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I am attempting to setup an ISCSI target using the qcow2 image format. It does not appear that tgtd supports the qcow2 format. The disk size will show zero or give a 250kb or so disk size. My question is what is the best way to setup a virtual disk using iscsi? For example I would like to create an ISCSI 1TB virtual disk. The disk would not consume 1TB but would have 1TB available. As data is added to it, the actual file size would grow.
Micro$oft has the ability to use VHD files to do this.I can easily setup a dd image file that consumes the entire size specified and ISCSI will work fine. But filling up an entire 1TB drive in my application is not practical. Any help would be appreciated.
This should work and I feel like I have seen the how to on it not too long ago.
In a very basic sense it would be the same as a virtual image on a scsi drive. We know that work. The issue here is that you may not have iscsi support in the loading. What you are trying do is boot or load some OS or virtual machine client, correct?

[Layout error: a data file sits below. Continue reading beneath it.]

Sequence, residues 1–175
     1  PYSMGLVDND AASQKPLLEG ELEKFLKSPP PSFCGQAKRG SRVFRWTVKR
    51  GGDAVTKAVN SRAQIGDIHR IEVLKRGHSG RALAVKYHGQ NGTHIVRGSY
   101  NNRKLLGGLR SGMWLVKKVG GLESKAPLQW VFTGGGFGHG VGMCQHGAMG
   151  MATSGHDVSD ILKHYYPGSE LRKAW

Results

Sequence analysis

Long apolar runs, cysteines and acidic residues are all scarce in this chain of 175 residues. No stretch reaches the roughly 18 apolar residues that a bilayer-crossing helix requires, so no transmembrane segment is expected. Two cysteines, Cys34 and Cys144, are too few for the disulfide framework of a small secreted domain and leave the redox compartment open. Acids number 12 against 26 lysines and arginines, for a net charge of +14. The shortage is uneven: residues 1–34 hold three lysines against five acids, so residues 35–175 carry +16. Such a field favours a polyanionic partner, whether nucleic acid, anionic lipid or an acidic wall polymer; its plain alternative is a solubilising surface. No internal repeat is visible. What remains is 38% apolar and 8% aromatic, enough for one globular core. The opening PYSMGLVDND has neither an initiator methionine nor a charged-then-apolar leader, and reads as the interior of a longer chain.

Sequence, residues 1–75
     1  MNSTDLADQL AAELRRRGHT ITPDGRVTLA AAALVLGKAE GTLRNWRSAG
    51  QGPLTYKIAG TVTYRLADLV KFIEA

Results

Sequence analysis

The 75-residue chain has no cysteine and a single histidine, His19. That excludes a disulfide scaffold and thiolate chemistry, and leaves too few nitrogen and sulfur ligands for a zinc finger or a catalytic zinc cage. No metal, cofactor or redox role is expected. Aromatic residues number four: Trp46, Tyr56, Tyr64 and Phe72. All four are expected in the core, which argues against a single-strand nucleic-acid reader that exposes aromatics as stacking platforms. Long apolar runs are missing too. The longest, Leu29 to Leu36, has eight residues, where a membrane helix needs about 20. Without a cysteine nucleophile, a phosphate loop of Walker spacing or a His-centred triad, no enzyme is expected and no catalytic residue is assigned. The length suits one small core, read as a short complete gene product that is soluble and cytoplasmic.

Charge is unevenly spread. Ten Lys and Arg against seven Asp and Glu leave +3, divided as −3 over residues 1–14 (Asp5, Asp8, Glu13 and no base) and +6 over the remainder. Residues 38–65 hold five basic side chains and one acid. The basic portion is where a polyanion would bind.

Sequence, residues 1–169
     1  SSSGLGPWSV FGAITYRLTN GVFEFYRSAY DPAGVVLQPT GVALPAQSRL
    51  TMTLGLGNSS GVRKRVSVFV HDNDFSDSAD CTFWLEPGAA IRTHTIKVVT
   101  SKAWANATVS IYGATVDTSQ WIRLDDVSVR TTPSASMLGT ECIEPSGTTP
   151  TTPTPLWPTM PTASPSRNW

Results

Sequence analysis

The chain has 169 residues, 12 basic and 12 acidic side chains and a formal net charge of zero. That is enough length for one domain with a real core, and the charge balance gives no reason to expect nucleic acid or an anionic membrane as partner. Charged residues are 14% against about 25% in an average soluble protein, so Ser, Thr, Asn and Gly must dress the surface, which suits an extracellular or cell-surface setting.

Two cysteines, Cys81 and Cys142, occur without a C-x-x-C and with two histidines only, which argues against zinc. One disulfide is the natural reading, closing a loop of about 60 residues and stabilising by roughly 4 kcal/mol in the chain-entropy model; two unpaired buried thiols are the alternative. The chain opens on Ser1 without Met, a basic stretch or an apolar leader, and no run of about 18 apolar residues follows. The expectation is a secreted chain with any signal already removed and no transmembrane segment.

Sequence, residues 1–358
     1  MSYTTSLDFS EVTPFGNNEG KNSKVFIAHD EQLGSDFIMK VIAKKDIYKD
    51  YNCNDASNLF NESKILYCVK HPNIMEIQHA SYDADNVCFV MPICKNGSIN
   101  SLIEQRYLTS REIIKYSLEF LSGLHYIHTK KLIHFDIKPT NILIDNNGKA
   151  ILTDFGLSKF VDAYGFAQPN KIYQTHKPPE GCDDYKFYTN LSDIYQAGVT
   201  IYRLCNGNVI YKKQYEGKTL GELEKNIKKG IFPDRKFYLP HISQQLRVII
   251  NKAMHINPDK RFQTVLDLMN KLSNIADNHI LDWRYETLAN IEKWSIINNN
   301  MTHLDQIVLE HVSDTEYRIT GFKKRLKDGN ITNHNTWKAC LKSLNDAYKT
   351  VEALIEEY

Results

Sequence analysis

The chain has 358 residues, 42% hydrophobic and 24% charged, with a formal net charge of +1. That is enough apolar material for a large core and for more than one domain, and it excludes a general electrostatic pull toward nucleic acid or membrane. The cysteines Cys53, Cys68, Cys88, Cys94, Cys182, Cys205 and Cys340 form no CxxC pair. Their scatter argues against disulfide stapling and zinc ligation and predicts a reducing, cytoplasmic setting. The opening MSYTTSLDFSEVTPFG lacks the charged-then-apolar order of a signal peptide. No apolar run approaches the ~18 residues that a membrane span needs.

Correct. I am looking for disk storage and not to boot an OS. The sparse file idea works. However, I am looking to use the Fuse file system to store the virtual drive. Sparse files do not show up correctly on a fuse file system. I am looking to mount a folder to Amazon or Rackspace using fuse, and then store a virtual disk inside the folder. ISCSI would use this virtual disk as storage and the file would grow as space is needed. I know performance would not be great but it would work for my needs. QCow2 is not necessarily a requirement as long as I do not need to allocate the full amount of space to the storage.
ISCSI > virtual disk > stored on a cloud Rackspace or AWS.
Basically an ISCSI drive that has 1TB of storage housed in a cloud. That grows as files are stored in it.
Thanks for the responses. If anyone has any further feedback that would be great. I will continue trying to pursue the idea and will post if I figure it out. Thanks!
but that's the thing - qcow2 provides a block device. Give your machine access to a larger LUN (or increase the LUN size - most SANs allow you to do that) and you've got a larger block device, but the partition on it will be the same size. Expand a qcow2 or raw file, while a VM is running, and it'll also have a larger block device attached, but the partitions will not change.
All I'm saying is that this behaviour is the same on all systems, and you can expand the partition's size live, using the OS tools, without powering down your machine.